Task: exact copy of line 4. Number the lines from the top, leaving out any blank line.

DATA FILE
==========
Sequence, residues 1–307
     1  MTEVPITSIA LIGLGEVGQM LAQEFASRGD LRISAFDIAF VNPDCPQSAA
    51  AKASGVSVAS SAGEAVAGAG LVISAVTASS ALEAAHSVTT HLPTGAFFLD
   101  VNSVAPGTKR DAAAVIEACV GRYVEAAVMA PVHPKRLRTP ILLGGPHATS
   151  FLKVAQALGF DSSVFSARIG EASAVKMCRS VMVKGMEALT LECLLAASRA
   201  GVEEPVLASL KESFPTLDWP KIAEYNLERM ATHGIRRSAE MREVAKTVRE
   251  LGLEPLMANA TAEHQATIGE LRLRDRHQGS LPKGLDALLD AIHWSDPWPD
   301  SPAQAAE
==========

   101  VNSVAPGTKR DAAAVIEACV GRYVEAAVMA PVHPKRLRTP ILLGGPHATS